Editorial November 2008
Since the last edition of Village, in August 2008, the global economy has teetered. From its foundation in 2004, Village has been one of the few local publications that systematically criticised the thrust of the direction of the economy and society. If it did not necessarily predict the at least temporary rout of capitalism then surely it would not have been surprised by it. The new Village takes up where the previous one was suspended.
If times are hard they are at least interesting. The twenty-year reigning economic orthodoxies have finally been thrown out. A leftist analysis could not be more timely. Mores are changing. We have a black US President with vision and intelligence; probably the best combination of temperament and intellect ever to fill the office. In Ireland the government has learnt a hard lesson that picking on the weak or on easy targets can backfire. Fianna Fáil seems to be in the market for progressive politics. Our cover story focuses on the contrasts between the heads of government and the political cultures in the two countries.
Village Magazine will not dance to the ephemeral thrum of pragmatism, it will stand proudly for transcendent principles. It will promote in its columns the fair distribution of resources, welfare, respect and opportunity in society by: the analysis and investigation of inequalities, unsustainable development, corruption, and the media’s role in their perpetuation; and by acute cultural analysis.
It will embrace controversy and take on the powerful and the furtive. In this edition we offer a reward for information about the funding of Libertas now, as Colm MacEochaidh, whose idea this reward was, notes one of the most powerful, mysterious forces in not just Irish but European politics.
Village will be left-wing, investigative. news-breaking and even, without pretentiousness, culturally challenging. It will assume the best and the most of its readers. It will be sharp. Humour should not be beyond it. Its design is intended to be logical and clear; and to set off strong images. Its sections are colour-coded.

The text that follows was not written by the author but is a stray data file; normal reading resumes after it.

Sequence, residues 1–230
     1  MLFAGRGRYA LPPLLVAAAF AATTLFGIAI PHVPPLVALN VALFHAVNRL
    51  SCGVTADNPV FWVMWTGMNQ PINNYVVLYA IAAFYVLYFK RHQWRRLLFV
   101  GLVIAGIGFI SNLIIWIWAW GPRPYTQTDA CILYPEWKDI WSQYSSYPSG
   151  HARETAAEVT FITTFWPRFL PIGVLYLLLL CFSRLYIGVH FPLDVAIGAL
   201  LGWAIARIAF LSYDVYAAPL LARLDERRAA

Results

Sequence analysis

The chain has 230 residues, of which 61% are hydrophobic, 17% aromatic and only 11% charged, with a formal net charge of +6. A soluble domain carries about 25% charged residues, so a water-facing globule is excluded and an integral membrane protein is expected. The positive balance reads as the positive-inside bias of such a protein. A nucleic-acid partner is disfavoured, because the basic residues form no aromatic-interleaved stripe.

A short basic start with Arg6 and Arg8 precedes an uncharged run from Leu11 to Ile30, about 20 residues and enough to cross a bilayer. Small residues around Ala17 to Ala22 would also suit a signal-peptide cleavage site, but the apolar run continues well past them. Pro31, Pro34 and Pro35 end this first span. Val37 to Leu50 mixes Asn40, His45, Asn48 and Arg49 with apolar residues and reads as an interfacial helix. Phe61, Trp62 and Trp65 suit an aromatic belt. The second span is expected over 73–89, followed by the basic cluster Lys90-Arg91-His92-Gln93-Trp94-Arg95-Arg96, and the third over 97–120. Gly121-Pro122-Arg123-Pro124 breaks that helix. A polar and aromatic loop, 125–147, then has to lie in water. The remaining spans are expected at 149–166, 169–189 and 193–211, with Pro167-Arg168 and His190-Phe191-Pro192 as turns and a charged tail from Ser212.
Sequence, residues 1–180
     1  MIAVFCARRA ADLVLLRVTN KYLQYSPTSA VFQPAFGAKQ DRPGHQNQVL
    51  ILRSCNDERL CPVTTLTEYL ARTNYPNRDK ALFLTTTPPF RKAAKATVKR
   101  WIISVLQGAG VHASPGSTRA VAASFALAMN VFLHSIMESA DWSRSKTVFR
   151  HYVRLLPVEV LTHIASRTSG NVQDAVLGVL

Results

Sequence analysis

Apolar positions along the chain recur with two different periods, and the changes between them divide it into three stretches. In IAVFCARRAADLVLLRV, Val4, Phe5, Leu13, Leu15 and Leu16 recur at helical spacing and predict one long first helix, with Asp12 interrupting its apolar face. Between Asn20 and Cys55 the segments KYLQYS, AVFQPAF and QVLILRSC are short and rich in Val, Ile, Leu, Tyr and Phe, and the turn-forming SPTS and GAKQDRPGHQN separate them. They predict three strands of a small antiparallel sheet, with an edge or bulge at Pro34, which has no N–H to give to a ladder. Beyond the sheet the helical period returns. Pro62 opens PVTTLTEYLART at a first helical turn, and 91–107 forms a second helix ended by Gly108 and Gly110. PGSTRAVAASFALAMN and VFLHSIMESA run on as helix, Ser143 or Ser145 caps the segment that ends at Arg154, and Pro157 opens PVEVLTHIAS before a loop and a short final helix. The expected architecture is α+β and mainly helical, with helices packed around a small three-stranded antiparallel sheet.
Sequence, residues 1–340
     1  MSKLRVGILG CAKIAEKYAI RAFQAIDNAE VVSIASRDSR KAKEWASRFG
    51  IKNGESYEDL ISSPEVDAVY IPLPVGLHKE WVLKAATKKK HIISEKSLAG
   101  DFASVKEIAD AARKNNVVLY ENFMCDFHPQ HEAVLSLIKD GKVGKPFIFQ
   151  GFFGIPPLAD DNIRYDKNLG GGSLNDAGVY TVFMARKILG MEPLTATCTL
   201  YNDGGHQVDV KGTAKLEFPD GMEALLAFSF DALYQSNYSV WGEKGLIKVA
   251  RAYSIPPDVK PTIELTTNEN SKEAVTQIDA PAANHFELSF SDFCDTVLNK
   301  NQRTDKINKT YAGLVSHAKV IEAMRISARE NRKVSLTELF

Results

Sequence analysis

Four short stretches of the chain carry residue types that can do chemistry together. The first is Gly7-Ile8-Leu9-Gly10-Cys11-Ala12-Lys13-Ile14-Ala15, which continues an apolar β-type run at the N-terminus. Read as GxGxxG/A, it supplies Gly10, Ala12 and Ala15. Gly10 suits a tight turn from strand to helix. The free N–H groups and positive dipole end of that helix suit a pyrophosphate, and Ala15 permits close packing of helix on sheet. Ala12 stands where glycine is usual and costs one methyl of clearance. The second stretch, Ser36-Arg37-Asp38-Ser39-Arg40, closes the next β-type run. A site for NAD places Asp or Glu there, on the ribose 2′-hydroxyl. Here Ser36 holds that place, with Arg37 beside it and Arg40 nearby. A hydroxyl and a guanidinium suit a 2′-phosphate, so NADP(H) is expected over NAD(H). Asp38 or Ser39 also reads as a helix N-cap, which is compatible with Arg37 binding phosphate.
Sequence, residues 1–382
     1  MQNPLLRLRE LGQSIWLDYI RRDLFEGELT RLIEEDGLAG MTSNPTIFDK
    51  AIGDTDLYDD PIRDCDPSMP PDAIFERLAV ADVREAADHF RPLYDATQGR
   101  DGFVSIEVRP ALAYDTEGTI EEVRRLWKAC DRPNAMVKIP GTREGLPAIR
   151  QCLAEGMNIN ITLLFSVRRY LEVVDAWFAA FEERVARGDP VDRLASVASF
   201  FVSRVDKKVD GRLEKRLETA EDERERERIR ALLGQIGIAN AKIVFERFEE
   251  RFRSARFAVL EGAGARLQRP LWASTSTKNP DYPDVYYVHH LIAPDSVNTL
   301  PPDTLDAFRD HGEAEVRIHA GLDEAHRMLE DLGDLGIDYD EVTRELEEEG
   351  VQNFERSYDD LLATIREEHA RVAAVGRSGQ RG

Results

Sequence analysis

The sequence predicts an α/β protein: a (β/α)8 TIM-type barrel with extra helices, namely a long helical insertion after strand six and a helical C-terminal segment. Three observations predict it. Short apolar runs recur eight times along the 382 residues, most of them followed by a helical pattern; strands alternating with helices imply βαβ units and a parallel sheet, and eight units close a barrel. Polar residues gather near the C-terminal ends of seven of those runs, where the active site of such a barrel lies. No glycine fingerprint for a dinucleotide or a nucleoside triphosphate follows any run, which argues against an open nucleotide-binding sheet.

It will aim to engage its readers through a web-site and blog, letters page, right of reply, full corrections page and a noticeboard. These will be manifest in our second issue. It will also be responsive to the perceived public reaction to it, though it is not its intention to appeal to everyone. It will blithely exclude certain pre-occupations including sport, weather, sex and road news. Neo-liberal, intolerant or ad hoc worldviews will typically be relegated to the humour pages. But mostly it aims to be inclusive. It will be a forum for perspectives not easily found elsewhere, including those of community activists, social-sector employees and environmentalists.
It will aspire to the highest standards of journalism including hard-mindedness, risk-taking, bravery, constancy and – which is unusual in contemporary media, elegance. There is a danger of preaching to converts and Village will make a special effort not to rant or succumb to lazy prolix. Nor will it be self-righteous or unforgiving.
It will always be a battle for a magazine like Village that eschews a glossy approach and that does not champion the commercial. Village was never profitable. It is the intention of all concerned that that will change. This will be a formidable challenge in the current economic straits. As a gesture to emphasise this difficulty we decided not to solicit advertising for this issue. It probably would have cost more than their value, to garner the ads. But the truth is that it is a fair and necessary discipline for the magazine that it should be profitable. We will welcome it in our next edition.
I am delighted that Vincent Browne, Village’s former editor and surely one of Ireland’s best journalists, has agreed to contribute a regular column and I am grateful to him for his help in reviving the magazine. We are pleased too to have a large contribution from Frank Connolly in our first edition.
Village Magazine will be published twice before the end of January. If it proves viable it will continue monthly from March.